energy policies.

As the pace of climate change accelerates, many researchers fear we
have already entered a period of irreversible runaway climate change.

Against this background, the ignorance of the American public about
global warming stands out as an indictment of the US media.

When the US press has bothered to cover the subject of global warming,
it has focused almost exclusively on its political and diplomatic
aspects and not on what the warming is doing to our agriculture, water
supplies, plant and animal life, public health, and weather.

For years, the fossil fuel industry has lobbied the media to accord
the same weight to a handful of global warming skeptics that it
accords the findings of the Intergovernmental Panel on Climate Change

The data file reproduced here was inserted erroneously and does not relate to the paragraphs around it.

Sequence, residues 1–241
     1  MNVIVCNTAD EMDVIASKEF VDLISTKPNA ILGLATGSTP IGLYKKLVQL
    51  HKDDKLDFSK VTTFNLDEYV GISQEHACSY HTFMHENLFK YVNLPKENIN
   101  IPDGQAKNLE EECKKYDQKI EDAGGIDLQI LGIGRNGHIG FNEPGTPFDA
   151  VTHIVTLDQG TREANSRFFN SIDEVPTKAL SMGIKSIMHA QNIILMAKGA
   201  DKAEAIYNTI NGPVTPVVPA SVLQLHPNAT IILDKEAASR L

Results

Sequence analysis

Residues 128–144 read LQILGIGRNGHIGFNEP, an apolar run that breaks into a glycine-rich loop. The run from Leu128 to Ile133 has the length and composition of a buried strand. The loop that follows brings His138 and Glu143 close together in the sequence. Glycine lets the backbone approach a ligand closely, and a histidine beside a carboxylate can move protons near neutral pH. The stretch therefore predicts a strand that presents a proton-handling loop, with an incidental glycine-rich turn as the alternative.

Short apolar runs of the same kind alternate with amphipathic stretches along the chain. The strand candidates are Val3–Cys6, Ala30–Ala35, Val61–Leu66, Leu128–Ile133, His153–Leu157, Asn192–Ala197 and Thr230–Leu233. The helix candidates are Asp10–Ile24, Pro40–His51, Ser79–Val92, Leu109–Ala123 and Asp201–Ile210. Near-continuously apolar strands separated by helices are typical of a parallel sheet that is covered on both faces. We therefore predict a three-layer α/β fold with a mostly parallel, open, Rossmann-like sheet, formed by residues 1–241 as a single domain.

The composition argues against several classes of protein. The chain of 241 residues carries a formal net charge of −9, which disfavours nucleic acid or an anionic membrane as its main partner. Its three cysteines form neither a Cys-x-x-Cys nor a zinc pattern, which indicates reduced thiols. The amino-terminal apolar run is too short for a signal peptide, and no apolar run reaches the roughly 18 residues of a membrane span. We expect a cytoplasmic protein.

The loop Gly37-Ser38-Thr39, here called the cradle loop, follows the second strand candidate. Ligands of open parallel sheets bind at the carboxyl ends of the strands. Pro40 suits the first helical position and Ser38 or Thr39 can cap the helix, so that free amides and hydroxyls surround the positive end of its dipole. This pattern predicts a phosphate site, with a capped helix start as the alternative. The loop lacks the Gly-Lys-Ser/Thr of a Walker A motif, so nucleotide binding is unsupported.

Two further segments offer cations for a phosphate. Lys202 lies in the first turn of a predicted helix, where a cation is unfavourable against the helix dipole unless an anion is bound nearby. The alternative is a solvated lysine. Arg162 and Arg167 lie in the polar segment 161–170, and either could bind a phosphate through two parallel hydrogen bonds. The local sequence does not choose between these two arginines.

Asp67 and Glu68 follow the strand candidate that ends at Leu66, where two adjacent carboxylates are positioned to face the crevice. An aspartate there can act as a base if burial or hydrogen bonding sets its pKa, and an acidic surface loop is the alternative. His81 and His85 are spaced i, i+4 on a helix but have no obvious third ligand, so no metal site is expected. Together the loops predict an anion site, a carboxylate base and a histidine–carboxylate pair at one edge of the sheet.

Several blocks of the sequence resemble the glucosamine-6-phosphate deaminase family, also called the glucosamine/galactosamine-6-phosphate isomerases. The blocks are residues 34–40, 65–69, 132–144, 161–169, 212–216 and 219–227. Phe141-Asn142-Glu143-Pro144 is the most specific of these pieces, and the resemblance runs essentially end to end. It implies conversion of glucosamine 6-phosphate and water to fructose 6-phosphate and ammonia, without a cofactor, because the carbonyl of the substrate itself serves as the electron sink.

-- more than 2,000 scientists from 100 countries reporting to the
United Nations.

Today, with the science having become even more robust -- and the
impacts as visible as the megastorm that covered much of the Gulf of
Mexico -- the press bears a share of the guilt for our self-induced
destruction with the oil and coal industries.

As a Bostonian, I am afraid that the coming winter will -- like last
winter -- be unusually short and devastatingly severe. At the
beginning of 2005, a deadly ice storm knocked out power to thousands
of people in New England and dropped a record-setting 42.2 inches of
snow on Boston.

The conventional name of the month was January. Its real name is
global warming.

Ross Gelbspan is author of ''The Heat Is On" and ''Boiling Point."

Author: Anonymous
Thursday, September 01, 2005 - 2:59 am
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By the way, what would corporate strength be without the stock market? Wouldn't it be a completely different situation in that case?

Author: admin
Thursday, September 01, 2005 - 11:24 am
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Between the clowns in Washington DC and their propaganda network (Limbaugh, O'Reily, FOX, Coulter, Pat Robertson, Dobson, etc.) our country is in a sorry state of affairs.